BUS 580 Accounting for Strategic Decision-Making (4 credits)

This course presents information and resources from the disciplines of financial and managerial accounting to provide enhanced knowledge, analytical tools, and interpretation skills to help leaders make better operating, investing, and financing decisions. Topics covered include GAAP financial statement presentation and reporting, underlying accounting principles and conventions, and cost accounting language and topics such as: cost-volume-profit analysis, resource allocation, budgeting and variance analysis, and relevant costs.

BUS 550 Strategic Marketing (3 credits)

This course provides managers with a broad overview of strategic marketing principles for both for-profit and nonprofit organizations, including an emphasis on customer/client satisfaction and advanced marketing strategies. Graduate learners perform a case analysis focusing on Strategic Brand Management and develop a comprehensive marketing plan.

BUS 536 Building Competitive Advantage through Human Resource Development(3 credits)

This course provides the graduate learner with the opportunity to study the most recent thinking related to building competitive advantage through servant-leadership approaches to human resource development. This course requires students to leverage the broad content areas specific to the field of human resources (compensation/benefits, HRIS, employee wellness and safety, employee assistance, employee relations, training and development, selection and staffing, organizational development, performance management systems, job design, career development, and human resources planning) in identifying, recruiting, developing, renewing, and retaining human assets that add maximum value to the strategic imperatives of the organization. This course builds on the concept that the deep-level diversity found in human competencies (knowledge, skills, abilities, values, etc.) contributes the most important resource to accomplishing preferred outcomes and establishing competitive advantage. This can most effectively be realized through an approach that first teaches leaders the value of their own diversity, development, and maximization of talent (a microcosm perspective) before broadly engaging the diversity, development, and maximization of organizational talents at large (a macrocosm perspective).

BUS 515 Financial Management (4 credits)

This course is designed to help managers/leaders understand financial analysis so that they can work effectively with financial decision-makers in organizations. Topics covered include financial statement analysis, financial planning and forecasting, discounted cash flow analysis, corporate valuation, cost of capital, capital budgeting, and financial ethics.

BUS 530 Beyond Quality Management & Continuous Improvement (3 credits)

This course focuses on past, current, and emerging quality improvement theories, practices, techniques, and skills, including an overview of organizational systemic processes and programs necessary to deliver quality results including the Baldridge Award and standards programs such as ISO 9000. The work of Deming, Juran, Crosby, Feigenbaum, and other current and past pioneers and programs is examined. The mechanics, structures, and dynamics of effective quality improvement teams are covered, as are issues relating to the effective implementation of quality-related programs.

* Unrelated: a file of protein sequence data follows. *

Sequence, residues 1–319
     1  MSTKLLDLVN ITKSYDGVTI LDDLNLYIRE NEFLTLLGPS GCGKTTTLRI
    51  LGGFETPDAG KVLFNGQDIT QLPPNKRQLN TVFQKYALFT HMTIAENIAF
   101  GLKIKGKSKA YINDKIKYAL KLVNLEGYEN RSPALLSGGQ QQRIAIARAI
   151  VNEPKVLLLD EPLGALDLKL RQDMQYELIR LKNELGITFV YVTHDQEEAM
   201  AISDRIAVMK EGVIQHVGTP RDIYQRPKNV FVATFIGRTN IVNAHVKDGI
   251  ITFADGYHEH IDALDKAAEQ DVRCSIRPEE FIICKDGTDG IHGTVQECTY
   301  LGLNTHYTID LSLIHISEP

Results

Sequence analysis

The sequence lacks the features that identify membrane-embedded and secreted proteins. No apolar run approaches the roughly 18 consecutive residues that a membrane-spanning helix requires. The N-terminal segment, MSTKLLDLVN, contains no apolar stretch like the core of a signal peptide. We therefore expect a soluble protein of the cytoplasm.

BUS 510 Organizational Diagnosis & Change Management (3 credits)

This course examines the structural, environmental, leadership, and strategic forces that influence the change process within an organization. Graduate learners learn how to diagnose problems and prescribe solutions that shape preferred outcomes for organizations of distinction. In this process they learn to target specific change efforts that will have maximum impact, plan and implement the prescribed change process, as well as effectively learning to manage the change through the application of change models and measures. They apply this learning by practicing on client organizations (specific to their integrative case study) and through reflection on their own professional experiences. Issues examined include the human motivation and behavior of change, systems diagnosis and planning, the creation of change-oriented cultures, and the leader’s role as a change agent.

BUS 560 Strategic Management (4 credits)

This course serves as the capstone experience for the MSL program. It utilizes a managerial lens through which students examine the strategic processes which influence the direction of an organization. Graduate students learn techniques for defining the mission and objectives of an enterprise, understanding competitive forces and industry dynamics, analyzing components of sustained competitive advantage, matching organizational strengths with environmental opportunities, and developing strategies and policies to achieve the organization’s mission and to balance the interests of relevant stakeholders. The course culminates with the presentation of strategic recommendations and supporting research for the integrative case study that graduate learner teams have prepared throughout the program.